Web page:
It has been some time since the last time I blogged here. This Spring semester has been busier than I anticipated, between classes, working on my dissertation proposal, and my Research Assistantship. I should give myself more credit, though. In this academic year, I have presented work at 3 conferences and 1 symposium, drafted a manuscript, and submitted funding applications. I guess I just didn’t have the bandwidth to sit and write a blogpost.
Now that the semester is over (hooray!), I am working more at integrating mapping, GIS into my research process. Handling and processing large datasets is a skill I have honed over time. Between my political economy of corruption course at the University of Chicago and the non-profit work and freelance journalism I’ve done over the years, I have a level of competence in processing, analyzing, and writing about large data sets. That particular skill was extremely useful in last semester’s “Census Data class”- as it was called. It was an Urban Planning course- entitled Urban and Regional Analysis- that emphasized mapping and analyzing economic and demographic data, and ultimately, synthesizing reports about a particular region of study.
This summer, I will be learning Python with emphasis on scripting for ArcGIS. This is just a first step in a career-long learning process. It just makes sense to know more about mapping with GIS- beyond “point, click, and hope for the best.” The first time I mapped healthcare provider availability using Kernel Density estimates, I did not know how to interpret the map or the equations used to produce said estimates. Similarly, I conducted hours of research on Moran’s I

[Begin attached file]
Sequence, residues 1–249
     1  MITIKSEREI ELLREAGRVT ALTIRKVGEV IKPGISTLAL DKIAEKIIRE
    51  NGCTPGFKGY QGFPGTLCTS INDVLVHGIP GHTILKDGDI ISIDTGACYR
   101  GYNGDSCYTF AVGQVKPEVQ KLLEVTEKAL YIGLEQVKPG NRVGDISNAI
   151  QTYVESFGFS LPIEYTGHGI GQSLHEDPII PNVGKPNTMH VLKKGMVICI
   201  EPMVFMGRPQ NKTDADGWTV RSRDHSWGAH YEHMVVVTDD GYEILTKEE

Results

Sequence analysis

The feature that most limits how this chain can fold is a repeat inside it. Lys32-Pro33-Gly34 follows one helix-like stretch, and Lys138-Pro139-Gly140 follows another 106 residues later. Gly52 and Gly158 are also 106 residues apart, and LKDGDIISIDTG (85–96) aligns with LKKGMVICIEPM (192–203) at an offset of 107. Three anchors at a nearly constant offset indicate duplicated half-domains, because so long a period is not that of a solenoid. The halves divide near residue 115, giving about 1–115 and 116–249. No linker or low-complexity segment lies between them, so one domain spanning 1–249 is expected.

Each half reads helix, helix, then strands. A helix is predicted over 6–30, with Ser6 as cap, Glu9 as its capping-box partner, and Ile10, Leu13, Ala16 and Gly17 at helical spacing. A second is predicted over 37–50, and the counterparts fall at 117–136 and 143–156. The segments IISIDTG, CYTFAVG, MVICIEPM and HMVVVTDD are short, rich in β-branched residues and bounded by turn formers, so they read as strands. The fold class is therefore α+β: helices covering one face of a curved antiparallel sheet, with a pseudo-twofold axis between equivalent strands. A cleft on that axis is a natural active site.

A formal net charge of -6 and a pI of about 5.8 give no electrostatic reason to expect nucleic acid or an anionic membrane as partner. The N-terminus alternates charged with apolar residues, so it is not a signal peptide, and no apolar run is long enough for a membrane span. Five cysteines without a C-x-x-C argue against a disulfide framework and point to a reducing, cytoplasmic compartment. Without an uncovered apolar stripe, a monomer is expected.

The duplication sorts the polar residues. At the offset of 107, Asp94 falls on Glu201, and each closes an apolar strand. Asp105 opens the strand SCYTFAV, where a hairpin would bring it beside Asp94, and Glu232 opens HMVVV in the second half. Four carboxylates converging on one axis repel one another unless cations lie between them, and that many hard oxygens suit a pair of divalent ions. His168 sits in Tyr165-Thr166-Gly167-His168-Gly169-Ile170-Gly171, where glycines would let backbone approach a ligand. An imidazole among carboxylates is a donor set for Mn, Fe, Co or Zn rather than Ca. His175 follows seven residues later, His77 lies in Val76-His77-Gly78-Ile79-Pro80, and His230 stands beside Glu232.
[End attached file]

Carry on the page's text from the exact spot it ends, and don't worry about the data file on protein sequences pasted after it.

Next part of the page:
More recently, I tested out the 2-Step Floating Catchment Area (2SFCA) method (ESRI Tutorial here), a method developed by Luo and Wang (2003), using data sets that I created. The 2SFCA method calculates supply-to-demand ratios based on “floating” catchment areas. The first step computes the supply-to-demand ratio within a supplier’s service area, defined as a threshold travel time or distance from supplier locations, calculating a supplier-to-demand ratio within the defined catchment area. The second step calculates the supplier-to-demand ratio for each demand location- usually a specified travel time or distance from census tract centroids that are population-weighted. The second step sums up the supply-to-demand ratios between overlapping service areas, producing a measure of accessibility for a demand locations, which may have more than one supply location. In the end, I produced a map that looked a lot like the Kernel Density map I produced hours before, but it was well worth learning the process and the reasoning behind the method.
Back to what I was saying though… my summer will be pretty busy. I have my RAship, preparation for qualifying exams, and manuscript revisions. There will be time for fun, of course! I have already put in good time in the garden, planting tomatoes, basil, ancho chili, Swiss chard, okra, strawberries, onions, lavender, red long beans, blue lake Bush beans, peas, chives, dill, cilantro, amaranth, burgundy beans, acorn squash, zucchini, and crookneck squash. And I can happily report that my perennial garden (tulips, veronicas, hydrangeas, yarrow…) is thriving without any work on my part.
- Luo W, Wang F. (2003) Measures of spatial accessibility to healthcare in a GIS environment: synthesis and a case study in Chicago region. Env Plann B. 2003;30: 865–884.
- Luo W, Qi Y. (2009). An enhanced two-step floating catchment area (E2SFCA) method for measuring spatial accessibility to primary care physicians. Health and Place.15: 1100–1107. pmid:19576837
- Luo, J. (2014). Integrating the Huff Model and Floating Catchment Area Methods to Analyze Spatial Access to Healthcare Services. Transactions In GIS, 18(3), 436-448. doi:10.1111/tgis.12096
- Wang, F. (2012). “Measurement, Optimization, and Impact of Health Care Accessibility: A Methodological Review.” Annals of The Association of American Geographers 102, no. 5: 1104-1112